The best part of the show lasted over 10 minutes, which is a long time for around here. But there was a lot of activity our cameras picked up for about half an hour.
It wasn’t a perfect evening though. At almost the exact moment the Lady started to dance a bleeping sailboat photobombed us. Argh!
The bleeping boat ruined some of my favorite photos of the night. I can rescue a few by cropping the boat out, but doing so will eliminate part of the Big Dipper, which was so beautifully framed right above the lights.
In this photo I used a much faster shutter speed so at least the boat isn’t such a huge streak of glaring light.
Eventually the boat got farther away and dropped anchor so it was no longer such a distraction. It actually added a little interest once it stayed put.
Long after the dancing was no longer visible to my eyes my camera was still picking up a lot of color and activity. Though even that slowly faded and then died down.
After 11:30 the Aurora slumped back down to just a green band again, but the night still looked promising. There was a high probability we’d see more substorms, so I decided to wait around and see. But at midnight the police came and kicked us out of the park.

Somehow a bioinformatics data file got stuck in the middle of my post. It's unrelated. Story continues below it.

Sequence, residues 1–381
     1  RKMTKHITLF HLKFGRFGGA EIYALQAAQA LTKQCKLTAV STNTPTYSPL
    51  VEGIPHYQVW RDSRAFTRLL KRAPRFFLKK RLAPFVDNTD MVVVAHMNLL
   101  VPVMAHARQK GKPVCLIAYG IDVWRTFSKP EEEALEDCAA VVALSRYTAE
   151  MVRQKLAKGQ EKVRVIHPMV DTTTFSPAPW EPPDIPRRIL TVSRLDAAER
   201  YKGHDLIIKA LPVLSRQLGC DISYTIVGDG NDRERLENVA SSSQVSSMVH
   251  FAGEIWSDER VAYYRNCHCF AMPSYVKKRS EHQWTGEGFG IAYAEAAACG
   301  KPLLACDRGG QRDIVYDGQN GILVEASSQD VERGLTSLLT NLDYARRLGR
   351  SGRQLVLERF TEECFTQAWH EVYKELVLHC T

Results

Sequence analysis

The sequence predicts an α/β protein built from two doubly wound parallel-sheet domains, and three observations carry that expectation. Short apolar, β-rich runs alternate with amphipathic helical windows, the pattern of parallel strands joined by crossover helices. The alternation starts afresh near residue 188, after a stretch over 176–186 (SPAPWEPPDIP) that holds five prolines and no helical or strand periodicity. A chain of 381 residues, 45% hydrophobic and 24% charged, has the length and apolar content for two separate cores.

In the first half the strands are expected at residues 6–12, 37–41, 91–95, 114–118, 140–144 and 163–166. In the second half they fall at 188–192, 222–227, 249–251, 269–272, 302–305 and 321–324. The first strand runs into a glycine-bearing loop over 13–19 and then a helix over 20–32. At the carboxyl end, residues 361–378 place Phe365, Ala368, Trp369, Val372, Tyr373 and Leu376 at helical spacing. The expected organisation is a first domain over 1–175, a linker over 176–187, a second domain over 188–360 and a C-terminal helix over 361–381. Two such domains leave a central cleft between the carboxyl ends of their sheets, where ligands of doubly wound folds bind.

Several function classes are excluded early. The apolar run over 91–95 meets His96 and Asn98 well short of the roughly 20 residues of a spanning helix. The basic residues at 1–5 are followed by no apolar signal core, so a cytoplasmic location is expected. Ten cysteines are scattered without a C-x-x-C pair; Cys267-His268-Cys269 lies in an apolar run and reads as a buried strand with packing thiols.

Some of the photographers decided to go setup elsewhere and they did end up getting more great photos. But I figured I was pretty darn happy with what I’d gotten in a two-hour period and the dew was getting heavy, so I headed back home.
My final shot of the night, snapped right before the police officer told us we had to leave.
Once home I discovered that the predicted G2 storm was an actual G3, and the Kp had reached 7 or close to it. (I’ll explain Kp another time, but just know that the scale only goes to 9, so 7 is really high.) That explained why we got the unexpectedly fantastic show.
The next day I learned the aurora had been present the entire night from sunset until dawn, an unusual occurrence in Washington. There were at least two more active displays during the night, though none as spectacular as the one I was lucky enough to witness.